$26.00 In Stock
Product details 320 pages Morrow Cookbooks - English 9780060735012 Reviews:
"Publishers Weekly Review" by , "In his debut cookbook, Cardoz, chef of the Danny Meyer — owned Indian fusion restaurant Tabla in Manhattan, successfully demystifies Indian cooking. He takes familiar foods like fish, meats and vegetables and adds a distinctly Indian touch, as in the Seared Scallops with Lime Jaggery Glaze. The collection of recipes is divided in 10 sections, which are organized by food type: e.g., soups, condiments (integral in Indian cooking), vegetables and chicken. With each recipe, Cardoz discusses his inspiration or the significance of the food in Indian culture. He explains that the recipe for Goan-Spiced Roast Pork Tenderloin, for instance, stems from the unique culture that was created when the Portuguese ruled Goa. Recipes reflect Cardoz's inimitable combinations, like the Duck with Black Pepper-Tamarind Jus and Venison Steaks with Coriander, yet most are surprisingly uncomplicated with accessible ingredients. The Roast Lamb with Mint — Black Pepper Sauce made with an aromatic spice rub and a sauce of tomatoes, mint, ginger and garlic is a standout as are such condiments as Boodie's Ketchup with cinnamon, vinegar and shallots and the Curry Leaf Lime Vinaigrette. One wishes only that Cardoz would have included desserts — it would have interesting to see how he applies his peerless cooking style to sweet endings. A 24-page color insert gives life to many of the creations." Publishers Weekly (Copyright Reed Business Information, Inc.)
"Synopsis" by , Floyd Cardoz, chef and co-owner of New York City's Tabla restaurant, is one of the most exciting innovators working behind a stove today. And now, for the first time, he shares the extraordinary recipes that have established his reputation. In them Cardoz is able to make the quantum leap between the American palate and his taste memories-; the food of his childhood in Bombay and Goa. The collection, One Spice, Two Spice, is an amalgam of two cuisines by a man who has mastered the flavors of each.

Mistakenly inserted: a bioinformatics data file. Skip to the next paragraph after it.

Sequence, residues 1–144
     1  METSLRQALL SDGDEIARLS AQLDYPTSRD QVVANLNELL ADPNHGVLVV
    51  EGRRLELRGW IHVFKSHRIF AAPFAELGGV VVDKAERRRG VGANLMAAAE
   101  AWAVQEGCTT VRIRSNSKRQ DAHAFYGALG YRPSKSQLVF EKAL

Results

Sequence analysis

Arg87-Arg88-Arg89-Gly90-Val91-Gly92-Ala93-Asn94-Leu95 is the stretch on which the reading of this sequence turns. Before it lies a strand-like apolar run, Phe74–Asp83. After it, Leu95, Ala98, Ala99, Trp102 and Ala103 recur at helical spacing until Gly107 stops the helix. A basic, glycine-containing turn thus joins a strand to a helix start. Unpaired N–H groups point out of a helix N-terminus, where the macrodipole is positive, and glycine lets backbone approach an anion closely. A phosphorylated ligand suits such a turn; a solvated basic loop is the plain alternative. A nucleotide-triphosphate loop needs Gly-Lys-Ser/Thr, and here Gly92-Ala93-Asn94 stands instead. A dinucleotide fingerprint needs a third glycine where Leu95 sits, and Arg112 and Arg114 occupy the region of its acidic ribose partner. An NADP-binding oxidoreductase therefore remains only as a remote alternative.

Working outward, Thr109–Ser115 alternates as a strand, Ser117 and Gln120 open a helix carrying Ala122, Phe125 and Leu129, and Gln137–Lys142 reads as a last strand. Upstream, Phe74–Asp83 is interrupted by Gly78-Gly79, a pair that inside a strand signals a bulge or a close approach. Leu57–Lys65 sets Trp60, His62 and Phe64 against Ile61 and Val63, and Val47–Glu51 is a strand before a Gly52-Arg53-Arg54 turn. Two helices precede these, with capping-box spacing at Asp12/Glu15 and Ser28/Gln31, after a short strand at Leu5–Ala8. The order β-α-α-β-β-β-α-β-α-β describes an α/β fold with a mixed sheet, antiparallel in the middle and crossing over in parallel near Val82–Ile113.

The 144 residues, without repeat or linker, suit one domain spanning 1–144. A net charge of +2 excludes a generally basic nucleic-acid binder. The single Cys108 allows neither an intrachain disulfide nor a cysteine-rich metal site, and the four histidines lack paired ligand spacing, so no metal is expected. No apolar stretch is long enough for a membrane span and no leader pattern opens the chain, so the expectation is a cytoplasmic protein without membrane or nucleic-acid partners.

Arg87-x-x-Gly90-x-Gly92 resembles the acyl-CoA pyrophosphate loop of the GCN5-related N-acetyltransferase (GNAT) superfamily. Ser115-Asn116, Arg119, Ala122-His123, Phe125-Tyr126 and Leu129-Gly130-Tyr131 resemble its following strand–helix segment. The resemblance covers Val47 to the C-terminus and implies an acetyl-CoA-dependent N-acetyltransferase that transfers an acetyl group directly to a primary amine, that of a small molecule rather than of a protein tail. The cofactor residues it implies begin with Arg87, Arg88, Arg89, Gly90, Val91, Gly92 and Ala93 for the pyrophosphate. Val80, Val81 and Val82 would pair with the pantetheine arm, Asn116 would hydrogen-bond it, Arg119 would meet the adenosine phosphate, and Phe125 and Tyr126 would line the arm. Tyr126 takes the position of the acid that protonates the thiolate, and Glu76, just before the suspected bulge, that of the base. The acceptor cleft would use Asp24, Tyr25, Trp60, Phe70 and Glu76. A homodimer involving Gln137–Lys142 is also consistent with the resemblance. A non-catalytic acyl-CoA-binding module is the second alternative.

This volume of more than 140 recipes is a gift to all home cooks who enjoy the flavors of India but are intimidated by the unusual and numerous spices required to prepare these dishes. Here, Cardoz renders those spices user friendly in a down-to-earth primer and glossary. Then, in the recipe notes, he shows you how to easily integrate these new flavors into everyday meals and dinner-party fare. The techniques-; sauté ing, panfrying, braising, poaching, and roasting-; are not new. The results, however, are astonishing.

Imagine crisp panfried black pepper shrimp, meaty sea scallops seared and served in a satiny sweet-sour glaze, asparagus and morels sauté ed in a spicy blend of shallot, ginger, and chile-; all of which can be made in no time flat. Other recipes-; steak rubbed with crushed peppercorns and coriander, cumin, and mustard seeds, duck bathed in an aromatic orange curry, lamb meatballs filled with an herbaceous combination of fresh figs, cilantro, and mint and then napped with a lush, lustrous green sauce-; may require more marinating or cooking time, but the trade-off is Cardoz's three-star-restaurant cooking at home.

One Spice, Two Spice is more than a cookbook.It is a gateway to a different way of thinking about the food on your plate, and it brings Indian flavors into the modern American repetoire.